New Delhi, Nov 30 (EFE).- An Indian government employee schemed to assassinate a prominent Sikh leader in the United States in a foiled murder-for-hire plot, the US Justice Department said on Thursday, announcing charges against an Indian-origin drug trafficker contracted to execute the plan.
The Justice Department did not file charges against the accused Indian government employee, identifying him as a “senior field officer” with responsibilities in “security management” and “intelligence.”
“The defendant conspired from India to assassinate, right here in New York City, a US citizen of Indian origin who has publicly advocated for the establishment of a sovereign state for Sikhs,” US Attorney Damian Williams said in a Justice Department press statement.
Sikhs are an ethno-religious minority group in India and have for decades demanded a separate homeland carved out of the northern Indian state of Punjab, where they live in majority.
The Indian official worked “together with others,” including “an international narcotics trafficker,” Nikhil Gupta, 52, “to murder a US citizen on US soil,” the department said.
“(They) directed a plot to assassinate on US soil an attorney and political activist who is a US citizen of Indian origin residing in New York City,” the department said, referring to Sikh leader Gurpatwant Singh Pannun, but identifying him in court as “victim.”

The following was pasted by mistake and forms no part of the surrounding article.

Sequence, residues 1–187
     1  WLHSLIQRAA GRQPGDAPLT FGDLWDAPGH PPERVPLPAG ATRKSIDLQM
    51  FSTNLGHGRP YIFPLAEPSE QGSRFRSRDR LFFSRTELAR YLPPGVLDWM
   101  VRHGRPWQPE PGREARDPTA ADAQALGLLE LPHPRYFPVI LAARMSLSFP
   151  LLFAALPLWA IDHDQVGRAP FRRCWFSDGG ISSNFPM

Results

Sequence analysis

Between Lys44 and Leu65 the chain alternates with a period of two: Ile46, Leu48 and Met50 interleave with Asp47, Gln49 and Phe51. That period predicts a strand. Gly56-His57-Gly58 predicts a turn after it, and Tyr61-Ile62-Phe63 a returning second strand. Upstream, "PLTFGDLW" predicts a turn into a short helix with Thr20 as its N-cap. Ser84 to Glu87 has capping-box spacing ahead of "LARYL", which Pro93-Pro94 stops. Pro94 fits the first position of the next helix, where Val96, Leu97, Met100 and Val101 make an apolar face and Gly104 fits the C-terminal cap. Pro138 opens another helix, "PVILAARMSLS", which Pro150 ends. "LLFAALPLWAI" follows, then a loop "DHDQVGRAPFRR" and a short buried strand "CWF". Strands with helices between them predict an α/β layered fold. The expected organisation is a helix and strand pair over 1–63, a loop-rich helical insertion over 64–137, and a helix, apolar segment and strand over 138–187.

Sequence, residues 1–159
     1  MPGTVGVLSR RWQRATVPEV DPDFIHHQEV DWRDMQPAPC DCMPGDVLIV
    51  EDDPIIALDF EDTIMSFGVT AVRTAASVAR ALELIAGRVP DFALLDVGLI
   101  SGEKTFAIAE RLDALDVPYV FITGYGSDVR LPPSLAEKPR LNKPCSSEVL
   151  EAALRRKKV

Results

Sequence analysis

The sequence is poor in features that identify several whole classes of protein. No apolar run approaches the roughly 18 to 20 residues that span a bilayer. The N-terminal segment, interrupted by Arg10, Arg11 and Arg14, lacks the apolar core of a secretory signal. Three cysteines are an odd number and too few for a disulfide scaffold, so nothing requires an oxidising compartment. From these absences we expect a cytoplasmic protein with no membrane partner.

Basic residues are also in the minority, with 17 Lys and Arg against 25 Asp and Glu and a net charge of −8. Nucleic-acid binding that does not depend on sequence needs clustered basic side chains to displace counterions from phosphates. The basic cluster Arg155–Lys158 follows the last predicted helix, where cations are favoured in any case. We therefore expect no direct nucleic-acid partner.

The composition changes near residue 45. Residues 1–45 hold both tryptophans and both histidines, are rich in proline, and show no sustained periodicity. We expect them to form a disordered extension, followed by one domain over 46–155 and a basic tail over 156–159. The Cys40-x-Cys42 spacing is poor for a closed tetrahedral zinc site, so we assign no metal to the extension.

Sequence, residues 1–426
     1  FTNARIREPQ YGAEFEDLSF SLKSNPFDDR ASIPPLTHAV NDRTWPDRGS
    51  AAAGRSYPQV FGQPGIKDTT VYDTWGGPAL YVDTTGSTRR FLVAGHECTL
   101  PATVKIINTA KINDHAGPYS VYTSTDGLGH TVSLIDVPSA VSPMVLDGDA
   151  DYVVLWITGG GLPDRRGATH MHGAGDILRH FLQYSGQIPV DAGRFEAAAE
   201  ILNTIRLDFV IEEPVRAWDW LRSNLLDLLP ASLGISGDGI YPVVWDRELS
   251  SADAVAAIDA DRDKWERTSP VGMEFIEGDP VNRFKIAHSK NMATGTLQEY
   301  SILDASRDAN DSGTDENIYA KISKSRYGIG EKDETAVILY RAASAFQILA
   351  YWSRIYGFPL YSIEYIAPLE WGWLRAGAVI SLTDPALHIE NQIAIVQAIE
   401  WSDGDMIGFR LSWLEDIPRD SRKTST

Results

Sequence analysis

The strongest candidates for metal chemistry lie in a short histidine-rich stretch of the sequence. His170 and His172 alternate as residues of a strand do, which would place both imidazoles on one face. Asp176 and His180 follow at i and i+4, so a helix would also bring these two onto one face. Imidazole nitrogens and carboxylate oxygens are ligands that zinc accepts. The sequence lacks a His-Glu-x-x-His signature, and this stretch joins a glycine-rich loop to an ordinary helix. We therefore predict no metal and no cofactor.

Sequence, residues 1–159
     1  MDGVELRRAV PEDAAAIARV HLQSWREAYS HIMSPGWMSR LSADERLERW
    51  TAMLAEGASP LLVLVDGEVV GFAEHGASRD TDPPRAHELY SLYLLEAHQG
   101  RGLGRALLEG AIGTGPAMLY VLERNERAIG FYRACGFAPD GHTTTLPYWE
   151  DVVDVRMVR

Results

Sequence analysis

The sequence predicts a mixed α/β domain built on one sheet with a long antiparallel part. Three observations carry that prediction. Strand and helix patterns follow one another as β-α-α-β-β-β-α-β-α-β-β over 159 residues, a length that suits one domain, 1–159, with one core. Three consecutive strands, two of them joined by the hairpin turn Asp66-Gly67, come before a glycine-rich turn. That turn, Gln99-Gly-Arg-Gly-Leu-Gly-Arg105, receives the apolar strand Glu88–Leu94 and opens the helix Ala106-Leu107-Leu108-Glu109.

India accuses Pannun of fomenting Sikh separatism and plotting terror activities in India.
The department said Gupta resides in India and is an associate of the accused Indian government employee.
“(Gupta) has described his involvement in international narcotics and weapons trafficking in his communications with (the Indian official) and others,” the department said.
According to the indictment, the accused got in touch with a criminal associate to hire a hitman for the person.
But that person happened to be a US Drug Enforcement Agency source. The source introduced Gupta to a supposed hitman, who happened to be a DEA agent.
The indictment said the Indian government employee gave Gupta the home address of Pannun, his phone numbers, and details about his day-to-day conduct
Gupta forwarded surveillance photographs of Pannun that he had obtained from the DEA agent posing as the hired hitman.
Gupta was detained by Czech authorities on June 30 at the request of the US, under the bilateral extradition treaty between the two countries.
Williams said his office and US law enforcement agencies “neutralized this deadly and outrageous threat.”
“We will not tolerate efforts to assassinate US citizens on US soil and stand ready to investigate, thwart, and prosecute anyone who seeks to harm and silence Americans here or abroad.”
The plot draws startling similarities with the alleged complicity of Indian government agents in the murder of another Sikh separatist leader in Canada in June.
In September, Canadian Prime Minister Justin Trudeau told his parliament that he had credible allegations that the Indian government had plotted the execution of Sikh leader Hardeep Singh Nijjar, also of Indian origin.
Trudeau’s allegations came days after India hosted leaders of G20 wealthy nations, including US President Joe Biden.
According to the US indictment, Gupta forwarded the undercover DEA agent “a video clip showing Nijjar’s bloody body slumped in his vehicle” the day after his killing outside a Sikh temple in British Columbia, Canada.